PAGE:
Dec 5, 2013

The Golliwog is back (and still racist)

The Golliwog in a minstrel show

It's back. Scandal stalks the Golliwog. Its perpetual return is always greeted with a customary defence and the pattern repeats itself every few years. Today it was Sean Plunket's turn on the stump:

If you can't stomach it, the short version is this: a series of justifications are offered including "it is a doll", where’s the "injustice" in a doll and "we" live in a "massively" tolerant and colourblind society.

He might be right on the last point, though. But only if "we" means people of the same race and gender as Plunket. It's not right if "we" means people like Plunket and people on the margins too, the same people that the Golliwog is a caricature of.

The Golliwog’s return isn't about people of colour reappropriating a caricature. It's about white adults reclaiming the racism of their childhood. Yet the primary problem isn’t that some New Zealanders are nostalgic for the racism of yonder, but that a new generation will be brought up on the myth that the Golliwog is a cultural artifact and a childhood tradition. Generations of children have been socialised into race-relations off of the back of the Golliwog. But the reality is that the Golliwog is a form of historical and contemporary trauma.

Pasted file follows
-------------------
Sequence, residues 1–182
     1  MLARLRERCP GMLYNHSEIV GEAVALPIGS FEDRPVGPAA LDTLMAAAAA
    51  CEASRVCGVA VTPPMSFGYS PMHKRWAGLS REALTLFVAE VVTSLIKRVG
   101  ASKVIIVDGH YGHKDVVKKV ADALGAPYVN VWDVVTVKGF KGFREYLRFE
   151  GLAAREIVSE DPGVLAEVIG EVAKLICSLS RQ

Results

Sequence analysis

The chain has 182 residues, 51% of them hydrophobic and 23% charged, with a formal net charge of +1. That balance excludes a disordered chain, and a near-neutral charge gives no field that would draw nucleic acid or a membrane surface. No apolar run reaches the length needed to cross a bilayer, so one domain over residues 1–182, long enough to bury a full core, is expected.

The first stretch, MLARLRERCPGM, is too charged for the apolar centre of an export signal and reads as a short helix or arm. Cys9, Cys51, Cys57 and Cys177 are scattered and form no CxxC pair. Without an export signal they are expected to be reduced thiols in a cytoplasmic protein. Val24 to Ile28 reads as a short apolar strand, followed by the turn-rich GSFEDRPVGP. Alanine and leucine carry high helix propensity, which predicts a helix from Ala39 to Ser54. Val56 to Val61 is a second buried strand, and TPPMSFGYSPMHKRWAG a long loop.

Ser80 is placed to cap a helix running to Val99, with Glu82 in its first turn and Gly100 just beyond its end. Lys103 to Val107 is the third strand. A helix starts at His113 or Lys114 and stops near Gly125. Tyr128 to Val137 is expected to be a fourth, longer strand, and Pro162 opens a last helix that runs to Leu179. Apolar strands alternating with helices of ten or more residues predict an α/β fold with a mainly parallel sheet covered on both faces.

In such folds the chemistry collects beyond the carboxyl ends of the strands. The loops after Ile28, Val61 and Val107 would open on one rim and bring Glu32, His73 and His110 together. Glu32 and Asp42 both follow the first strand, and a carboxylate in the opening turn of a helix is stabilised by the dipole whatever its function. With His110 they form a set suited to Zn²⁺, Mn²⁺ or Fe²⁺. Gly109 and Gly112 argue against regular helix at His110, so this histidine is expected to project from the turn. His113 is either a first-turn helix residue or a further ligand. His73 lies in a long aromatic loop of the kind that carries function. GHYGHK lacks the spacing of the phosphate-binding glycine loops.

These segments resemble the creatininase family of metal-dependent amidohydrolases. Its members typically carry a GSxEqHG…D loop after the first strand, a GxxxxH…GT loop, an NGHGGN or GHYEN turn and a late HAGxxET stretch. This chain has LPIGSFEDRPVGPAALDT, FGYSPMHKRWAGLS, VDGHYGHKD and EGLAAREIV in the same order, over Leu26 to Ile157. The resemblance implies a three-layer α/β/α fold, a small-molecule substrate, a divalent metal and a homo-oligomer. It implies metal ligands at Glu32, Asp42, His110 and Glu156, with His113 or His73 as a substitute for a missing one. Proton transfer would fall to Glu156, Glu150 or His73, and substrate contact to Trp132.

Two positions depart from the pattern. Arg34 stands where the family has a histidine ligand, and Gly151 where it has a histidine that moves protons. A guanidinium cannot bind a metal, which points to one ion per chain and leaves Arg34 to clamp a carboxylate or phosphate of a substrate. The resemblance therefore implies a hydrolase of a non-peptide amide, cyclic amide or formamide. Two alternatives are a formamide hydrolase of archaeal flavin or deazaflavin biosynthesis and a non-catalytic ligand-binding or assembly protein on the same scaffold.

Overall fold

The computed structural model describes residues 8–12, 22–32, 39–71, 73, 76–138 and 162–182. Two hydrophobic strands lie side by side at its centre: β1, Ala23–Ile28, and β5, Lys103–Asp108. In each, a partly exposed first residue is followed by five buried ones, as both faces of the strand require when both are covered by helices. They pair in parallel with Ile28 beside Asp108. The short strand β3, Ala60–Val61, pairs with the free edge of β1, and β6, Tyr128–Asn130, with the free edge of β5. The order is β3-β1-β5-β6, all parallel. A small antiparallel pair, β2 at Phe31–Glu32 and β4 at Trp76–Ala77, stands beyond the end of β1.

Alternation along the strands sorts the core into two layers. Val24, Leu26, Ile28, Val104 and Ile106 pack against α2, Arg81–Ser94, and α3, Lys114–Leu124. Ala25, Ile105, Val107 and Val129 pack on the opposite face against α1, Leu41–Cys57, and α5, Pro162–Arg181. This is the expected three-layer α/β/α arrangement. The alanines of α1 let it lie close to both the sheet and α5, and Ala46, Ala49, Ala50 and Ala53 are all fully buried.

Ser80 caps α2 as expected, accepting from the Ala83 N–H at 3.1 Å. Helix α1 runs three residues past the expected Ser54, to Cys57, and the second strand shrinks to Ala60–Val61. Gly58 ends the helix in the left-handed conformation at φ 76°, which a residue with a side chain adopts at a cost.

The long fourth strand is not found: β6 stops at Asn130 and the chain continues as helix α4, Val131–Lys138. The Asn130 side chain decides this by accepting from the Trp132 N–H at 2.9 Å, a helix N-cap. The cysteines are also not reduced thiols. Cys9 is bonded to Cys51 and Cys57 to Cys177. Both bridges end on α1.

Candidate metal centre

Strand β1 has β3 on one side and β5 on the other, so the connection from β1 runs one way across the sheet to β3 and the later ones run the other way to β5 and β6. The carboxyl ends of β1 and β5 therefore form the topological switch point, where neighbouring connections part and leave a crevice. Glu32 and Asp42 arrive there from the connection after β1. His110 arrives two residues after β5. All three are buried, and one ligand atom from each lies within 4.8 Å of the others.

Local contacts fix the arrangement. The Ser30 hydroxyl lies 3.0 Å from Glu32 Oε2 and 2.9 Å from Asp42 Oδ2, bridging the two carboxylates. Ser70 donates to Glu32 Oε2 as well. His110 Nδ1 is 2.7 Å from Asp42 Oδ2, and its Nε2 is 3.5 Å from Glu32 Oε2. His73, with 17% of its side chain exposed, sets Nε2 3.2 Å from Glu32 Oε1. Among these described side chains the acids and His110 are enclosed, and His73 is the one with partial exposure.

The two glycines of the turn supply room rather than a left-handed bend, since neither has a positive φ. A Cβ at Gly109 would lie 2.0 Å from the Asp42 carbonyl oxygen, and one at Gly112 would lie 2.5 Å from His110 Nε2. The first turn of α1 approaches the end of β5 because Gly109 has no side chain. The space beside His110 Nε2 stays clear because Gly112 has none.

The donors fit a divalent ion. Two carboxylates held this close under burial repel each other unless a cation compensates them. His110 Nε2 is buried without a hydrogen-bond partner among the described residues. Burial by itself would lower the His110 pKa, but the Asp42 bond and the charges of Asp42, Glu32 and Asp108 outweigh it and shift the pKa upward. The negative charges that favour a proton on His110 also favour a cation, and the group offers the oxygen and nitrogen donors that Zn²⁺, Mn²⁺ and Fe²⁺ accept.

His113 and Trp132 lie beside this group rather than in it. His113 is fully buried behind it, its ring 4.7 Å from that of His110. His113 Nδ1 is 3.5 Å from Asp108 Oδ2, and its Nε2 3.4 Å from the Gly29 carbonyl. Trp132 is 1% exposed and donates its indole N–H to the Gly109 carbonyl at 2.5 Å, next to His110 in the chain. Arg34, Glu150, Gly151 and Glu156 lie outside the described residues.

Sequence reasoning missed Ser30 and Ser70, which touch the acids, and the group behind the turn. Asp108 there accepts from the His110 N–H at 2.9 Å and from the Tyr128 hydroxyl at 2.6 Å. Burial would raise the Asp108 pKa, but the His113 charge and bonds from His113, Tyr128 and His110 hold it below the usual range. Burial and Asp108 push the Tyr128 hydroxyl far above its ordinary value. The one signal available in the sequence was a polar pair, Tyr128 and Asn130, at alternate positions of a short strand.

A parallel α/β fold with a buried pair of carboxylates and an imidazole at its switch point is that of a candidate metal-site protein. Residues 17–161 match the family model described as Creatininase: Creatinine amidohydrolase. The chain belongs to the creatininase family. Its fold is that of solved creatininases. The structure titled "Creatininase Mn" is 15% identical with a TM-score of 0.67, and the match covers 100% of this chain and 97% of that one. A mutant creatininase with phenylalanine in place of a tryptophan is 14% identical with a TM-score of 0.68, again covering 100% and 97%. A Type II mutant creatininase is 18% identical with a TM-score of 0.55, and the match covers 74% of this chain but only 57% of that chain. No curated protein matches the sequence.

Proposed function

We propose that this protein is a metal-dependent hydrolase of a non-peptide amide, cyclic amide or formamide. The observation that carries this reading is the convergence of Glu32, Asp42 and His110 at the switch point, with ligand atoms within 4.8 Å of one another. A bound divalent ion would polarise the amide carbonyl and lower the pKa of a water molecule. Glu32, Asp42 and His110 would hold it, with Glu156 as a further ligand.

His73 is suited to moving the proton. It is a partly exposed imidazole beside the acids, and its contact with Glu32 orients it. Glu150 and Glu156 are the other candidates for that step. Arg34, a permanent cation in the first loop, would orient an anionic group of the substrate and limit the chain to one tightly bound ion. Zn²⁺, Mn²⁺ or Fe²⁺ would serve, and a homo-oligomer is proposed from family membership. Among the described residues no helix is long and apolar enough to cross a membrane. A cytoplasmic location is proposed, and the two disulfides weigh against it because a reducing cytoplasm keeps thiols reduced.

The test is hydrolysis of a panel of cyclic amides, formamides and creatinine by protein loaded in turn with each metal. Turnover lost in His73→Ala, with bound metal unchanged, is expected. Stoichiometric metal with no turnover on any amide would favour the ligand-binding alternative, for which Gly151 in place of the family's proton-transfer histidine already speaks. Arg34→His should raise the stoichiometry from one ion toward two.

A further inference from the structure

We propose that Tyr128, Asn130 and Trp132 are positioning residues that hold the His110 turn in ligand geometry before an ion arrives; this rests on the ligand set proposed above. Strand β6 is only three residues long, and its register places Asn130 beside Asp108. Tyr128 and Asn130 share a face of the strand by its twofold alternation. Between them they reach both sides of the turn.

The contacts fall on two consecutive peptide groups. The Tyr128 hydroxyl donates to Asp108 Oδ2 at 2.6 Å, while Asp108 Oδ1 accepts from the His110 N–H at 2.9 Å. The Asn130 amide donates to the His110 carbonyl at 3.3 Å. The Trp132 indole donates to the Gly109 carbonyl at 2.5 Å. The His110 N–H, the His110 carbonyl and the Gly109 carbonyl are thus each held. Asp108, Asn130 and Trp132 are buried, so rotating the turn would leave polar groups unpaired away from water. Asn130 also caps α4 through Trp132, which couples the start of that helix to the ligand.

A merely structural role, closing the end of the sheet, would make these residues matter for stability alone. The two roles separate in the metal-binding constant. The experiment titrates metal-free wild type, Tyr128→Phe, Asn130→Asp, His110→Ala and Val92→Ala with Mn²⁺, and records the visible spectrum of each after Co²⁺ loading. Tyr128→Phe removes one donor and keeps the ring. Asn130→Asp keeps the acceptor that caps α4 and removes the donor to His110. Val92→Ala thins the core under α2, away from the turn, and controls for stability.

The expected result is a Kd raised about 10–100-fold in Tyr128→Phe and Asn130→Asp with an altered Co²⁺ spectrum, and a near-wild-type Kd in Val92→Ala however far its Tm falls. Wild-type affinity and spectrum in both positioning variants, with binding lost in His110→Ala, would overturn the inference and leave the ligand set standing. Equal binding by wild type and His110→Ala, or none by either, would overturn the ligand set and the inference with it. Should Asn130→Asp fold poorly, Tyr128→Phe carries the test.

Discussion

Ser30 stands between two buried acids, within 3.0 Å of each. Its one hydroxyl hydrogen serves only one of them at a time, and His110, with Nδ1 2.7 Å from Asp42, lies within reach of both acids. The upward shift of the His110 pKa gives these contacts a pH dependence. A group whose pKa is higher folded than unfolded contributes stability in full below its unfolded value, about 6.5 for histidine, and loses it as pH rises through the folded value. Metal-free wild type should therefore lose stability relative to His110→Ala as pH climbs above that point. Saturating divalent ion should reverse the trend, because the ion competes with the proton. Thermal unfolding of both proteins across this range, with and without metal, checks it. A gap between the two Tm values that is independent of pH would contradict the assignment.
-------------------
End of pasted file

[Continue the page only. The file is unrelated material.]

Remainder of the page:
People who want to revive the Golliwog probably don’t want to perpetuate racism. But the two can’t be divorced. The Golliwog is to playtime what blackface is to performance. They’re caricatures that are interwoven with the violent oppression of people of colour. The Golliwog was used to reinforce stereotypes about black appearance and character. The wild eyes and hair spoke to black appearance, but the real message was that blacks were wanton. The big lips represented black appearance too, but the outlandish redness reinforced the stereotype that blacks were hyper-sexualised.

The Golliwog is the politics of oppression manifest. Indoctrinating young people with caricatures of people of colour made justifications for and acts of oppression easier. That's partly why it's a false comparison to compare the Golliwog against GI Joe or caricatures of white peoples (like Plunket did). The context above puts a lie to that comparison. But the fact that some people don't get that means the Golliwog isn’t dead and buried yet.

Post script: for context, there's been comment recently on the prominence of Golliwogs in Canterbury. But what sparked the Plunket interview was the sale of Golliwogs in an Invercargill shop. Golliwogs are still sold in other parts of New Zealand too. I know of a children's store in Hamilton that was selling Golliwogs this year (and probably still does).